Pretty Blue Spring Bulbs

I love the small blue spring bulbs. Their pretty blooms and fresh foliage are appreciated while many other plants are just breaking dormancy.

Chionodoxa luciliae (glory of the snow) is in bloom this week in the garden.

Chionodoxa luciliae (glory of the snow)

This bulb blooms in early spring with star shaped flowers of purplish blue with white centres. This photo is a bit misleading, just like the ones in catalogues. The blossoms are actually a bit more lavender blue than the photo. While this is a dainty plant, the blooms face upward and can be easily viewed without getting on your hands and knees. The foliage is narrow and somewhat grass-like. They look great with the other spring flowering plants. This bulb is very easy care and reliable.

Scilla siberica “Spring Beauty’ (Siberian squill) is another petite bulb.

Scilla siberica \'Spring Beauty\' (Siberian squills)

This bulb has a true blue colour. The flowers are star shaped with darker blue lines down each petal and faint white areas to either side. The overall effect of a swath of Scilla is of a sheet of rich sky blue. This variety ‘Spring Beauty’ seems to have slightly larger flowers than my other S. siberica which has no variety name.

The leaves of the squills are narrow and strap like, and have the advantage of dying back fairly quickly to make room for perennials. This habit makes it easy to integrate them into the garden with other plants, giving longer interest and colour. The bulbs are small and easy to tuck in around the perennials in the fall. You can see how closely these resemble Puschkinia (striped squills), to which they are related .

Puschkinia, Chionodoxa, Scilla and Muscari are all members of the Hyacinthaceae family, and bloom in that order in my garden. The Muscari (grape hyacinth) should be flowering in another week or so.

I find that all 4 of these are very reliable in a northern garden, returning year after year. They are all worth planting in the fall. In the spring, when you see their pretty blue flowers, you will wish that you had planted them in even larger numbers.

10 thoughts on “Pretty Blue Spring Bulbs”

  1. Such lovely flowers. After a long, cold winter there’s nothing like the arrival of spring flowers! My muscari are just blooming now so you’re just a little bit behind me.

  2. I love the blue of the Scilla too ! Spring bulbs really set the garden season off nicely. This was the first year for Minnow daffodil in my garden and they were absolutely gorgeous. I enjoy seeing Spring bulbs all over again in your garden now .. thanks !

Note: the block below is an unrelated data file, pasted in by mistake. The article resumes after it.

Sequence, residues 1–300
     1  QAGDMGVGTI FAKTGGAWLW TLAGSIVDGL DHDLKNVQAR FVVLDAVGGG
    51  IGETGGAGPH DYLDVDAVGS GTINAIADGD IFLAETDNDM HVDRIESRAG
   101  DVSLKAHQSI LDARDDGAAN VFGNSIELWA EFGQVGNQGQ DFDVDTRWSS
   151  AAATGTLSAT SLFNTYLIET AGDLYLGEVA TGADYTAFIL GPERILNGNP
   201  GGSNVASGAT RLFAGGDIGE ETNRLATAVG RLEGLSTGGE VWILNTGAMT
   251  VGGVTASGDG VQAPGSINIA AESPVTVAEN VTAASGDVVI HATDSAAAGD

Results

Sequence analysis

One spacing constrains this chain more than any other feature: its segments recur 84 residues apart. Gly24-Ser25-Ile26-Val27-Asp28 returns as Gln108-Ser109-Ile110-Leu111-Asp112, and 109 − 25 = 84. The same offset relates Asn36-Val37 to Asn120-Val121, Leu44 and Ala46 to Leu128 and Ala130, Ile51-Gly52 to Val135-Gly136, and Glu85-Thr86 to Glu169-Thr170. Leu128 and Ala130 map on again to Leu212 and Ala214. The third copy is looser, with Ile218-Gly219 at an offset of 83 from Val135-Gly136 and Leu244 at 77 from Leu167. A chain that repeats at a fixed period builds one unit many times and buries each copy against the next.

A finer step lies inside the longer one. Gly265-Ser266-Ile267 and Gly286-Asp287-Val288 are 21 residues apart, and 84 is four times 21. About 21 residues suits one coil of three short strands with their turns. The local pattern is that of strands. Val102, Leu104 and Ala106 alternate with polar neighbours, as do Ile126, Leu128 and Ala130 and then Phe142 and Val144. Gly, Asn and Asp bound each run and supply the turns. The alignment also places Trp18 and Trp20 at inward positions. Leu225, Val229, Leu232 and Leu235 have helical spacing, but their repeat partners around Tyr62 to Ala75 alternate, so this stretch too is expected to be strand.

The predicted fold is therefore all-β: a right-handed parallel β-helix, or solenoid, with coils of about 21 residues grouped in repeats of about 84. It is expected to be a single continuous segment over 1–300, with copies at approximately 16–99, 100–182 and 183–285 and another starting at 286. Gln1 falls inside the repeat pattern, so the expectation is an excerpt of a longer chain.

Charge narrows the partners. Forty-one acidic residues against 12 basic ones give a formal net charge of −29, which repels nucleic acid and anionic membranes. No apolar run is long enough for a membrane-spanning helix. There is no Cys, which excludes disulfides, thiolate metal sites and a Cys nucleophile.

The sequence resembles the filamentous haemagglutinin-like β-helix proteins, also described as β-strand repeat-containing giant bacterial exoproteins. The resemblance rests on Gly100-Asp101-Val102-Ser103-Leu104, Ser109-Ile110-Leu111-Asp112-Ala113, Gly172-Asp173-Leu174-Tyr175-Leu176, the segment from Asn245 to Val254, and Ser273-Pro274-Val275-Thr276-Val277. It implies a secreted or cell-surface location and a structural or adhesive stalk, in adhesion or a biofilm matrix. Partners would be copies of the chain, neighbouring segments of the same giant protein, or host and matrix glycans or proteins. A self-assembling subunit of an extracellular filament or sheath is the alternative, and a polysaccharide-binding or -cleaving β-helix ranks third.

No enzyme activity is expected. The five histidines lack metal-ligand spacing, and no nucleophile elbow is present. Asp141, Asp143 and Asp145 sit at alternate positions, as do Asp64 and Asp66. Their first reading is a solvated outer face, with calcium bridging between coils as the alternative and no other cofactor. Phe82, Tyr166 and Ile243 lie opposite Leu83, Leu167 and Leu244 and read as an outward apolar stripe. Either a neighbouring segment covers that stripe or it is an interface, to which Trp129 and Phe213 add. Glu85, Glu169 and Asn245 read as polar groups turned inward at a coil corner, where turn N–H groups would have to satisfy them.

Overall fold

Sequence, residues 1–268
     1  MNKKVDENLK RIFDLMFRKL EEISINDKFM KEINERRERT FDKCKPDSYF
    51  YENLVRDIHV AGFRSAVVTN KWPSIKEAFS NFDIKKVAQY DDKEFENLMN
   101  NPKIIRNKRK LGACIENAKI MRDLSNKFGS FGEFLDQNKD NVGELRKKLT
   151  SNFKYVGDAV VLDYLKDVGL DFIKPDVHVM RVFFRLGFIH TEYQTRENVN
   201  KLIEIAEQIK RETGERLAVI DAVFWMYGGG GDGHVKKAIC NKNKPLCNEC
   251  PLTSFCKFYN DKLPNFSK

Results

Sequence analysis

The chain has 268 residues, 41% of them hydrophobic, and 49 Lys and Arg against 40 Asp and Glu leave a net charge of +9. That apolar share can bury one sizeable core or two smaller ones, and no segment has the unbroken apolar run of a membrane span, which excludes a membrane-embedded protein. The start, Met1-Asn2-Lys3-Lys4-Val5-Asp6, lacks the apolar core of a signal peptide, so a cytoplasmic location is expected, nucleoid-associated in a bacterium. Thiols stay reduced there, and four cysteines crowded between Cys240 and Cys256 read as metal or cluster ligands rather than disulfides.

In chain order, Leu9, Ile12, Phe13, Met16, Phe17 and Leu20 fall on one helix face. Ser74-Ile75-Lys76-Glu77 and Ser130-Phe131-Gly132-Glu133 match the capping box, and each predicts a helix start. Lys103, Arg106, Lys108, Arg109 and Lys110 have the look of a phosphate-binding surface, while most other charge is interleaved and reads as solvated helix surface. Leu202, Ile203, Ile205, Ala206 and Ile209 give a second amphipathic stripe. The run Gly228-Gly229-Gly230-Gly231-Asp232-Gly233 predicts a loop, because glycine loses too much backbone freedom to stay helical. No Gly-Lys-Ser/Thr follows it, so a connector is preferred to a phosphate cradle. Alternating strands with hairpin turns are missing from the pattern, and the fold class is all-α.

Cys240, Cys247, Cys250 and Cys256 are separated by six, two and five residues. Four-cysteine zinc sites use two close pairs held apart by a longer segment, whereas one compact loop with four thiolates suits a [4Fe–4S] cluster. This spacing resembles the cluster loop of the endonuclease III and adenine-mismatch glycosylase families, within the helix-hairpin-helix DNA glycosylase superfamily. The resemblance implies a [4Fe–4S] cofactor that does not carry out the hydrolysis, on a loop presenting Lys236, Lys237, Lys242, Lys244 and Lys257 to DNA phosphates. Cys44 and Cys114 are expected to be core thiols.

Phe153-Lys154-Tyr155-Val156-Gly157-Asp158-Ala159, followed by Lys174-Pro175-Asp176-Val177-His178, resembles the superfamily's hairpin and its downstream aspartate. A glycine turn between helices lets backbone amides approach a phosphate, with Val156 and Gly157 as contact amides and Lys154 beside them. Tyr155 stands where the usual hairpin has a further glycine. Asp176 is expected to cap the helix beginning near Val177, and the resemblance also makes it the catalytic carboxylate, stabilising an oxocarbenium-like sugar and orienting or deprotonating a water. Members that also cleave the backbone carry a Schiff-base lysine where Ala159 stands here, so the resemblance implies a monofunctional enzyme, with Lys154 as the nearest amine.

Joy
    PS .. thank you for stopping by my garden too ! : )

  3. Amy, the Muscari are on the north side of my house, so they might be even more behind than the rest of zone 3.

    Joy, the Minnow daffodils sound like just what all the blue bulbs need, a little yellow to set them off.

  4. Love all of those small bulbs. Is there a blue any bluer than the scilla? Chionodoxa is a baby blue beauty! As for the puschkinia, I love the blue striped one and have a few. Must add more! Oh, and as for fiddleheads, love to eat them!

  5. You asked me if anything caught my eye at Chelsea and there was one little flower that made my heart beat faster. I thought you might like it too: Triteleia ixioides ‘Starlight’. Triteleias normally come in shades of blue apparently, and they flower around now in the UK (so possibly a bit later where you are?) This one was pale yellow. Imagine an allium with stems bearing star-shaped flowers. I’d never heard of triteleias, but I have to have one! The nursery told me they were very easy to grow.

  6. Layanee, blue flowers are one of my favourites in the garden. They seem to coordinate so well with many other plants.

    Victoria, T. ixioides ‘Starlight’ sounds great. What a bonus when a beautiful plant is also easy care.

  7. Thank you! I moved into an apartment with a great big yard in the fall, and was delighted to see a carpet of vibrant blue flowers show up last week – now I know that they are Scilla Siberica. [London, Ontario]

  8. Roisin, they are a wonderful bulb, and look great in large patches. Since they bloom so early, and their foliage dies back quicker than other bulbs, they are also easy to plant around and under perennials. They make a good start to the spring garden. London has a head start on Edmonton. Sprouts are just beginning to appear in the garden here now.

  9. I LOVE these 2 bulbs! Actually, they are my favorite flowers :) Do you know if it would be possible to grow these in a pot indoors? I’d love to have them in my yard and also in my home, if possible. Where can I buy these bulbs in the US? Thanks!

    1. Jessica, the beautiful blue colour of these bulbs makes them some of my favourites, too. They need a cold period to bloom, so if you get the bulbs in the fall and chill them, you could force them to flower indoors. To get them to flower inside, you can put them in a paper bag, or other medium, and place them in your fridge or other cool spot. Then plant them in pots in December, and bring out to show in a room when the flowers appear. After forcing, though, it is hard to get them to bloom again the following year, as it is usually hard on them. Do you have a cold period over winter where you live? You probably want to plant separate bulbs in your outside garden. I don’t have particular US sources for these, but they are generally available in the autumn where other fall planting bulbs are sold. There are some more photos of these spring bulbs in this updated article, and it shows them with a related bulb, Puschkinia, that you might like, too.

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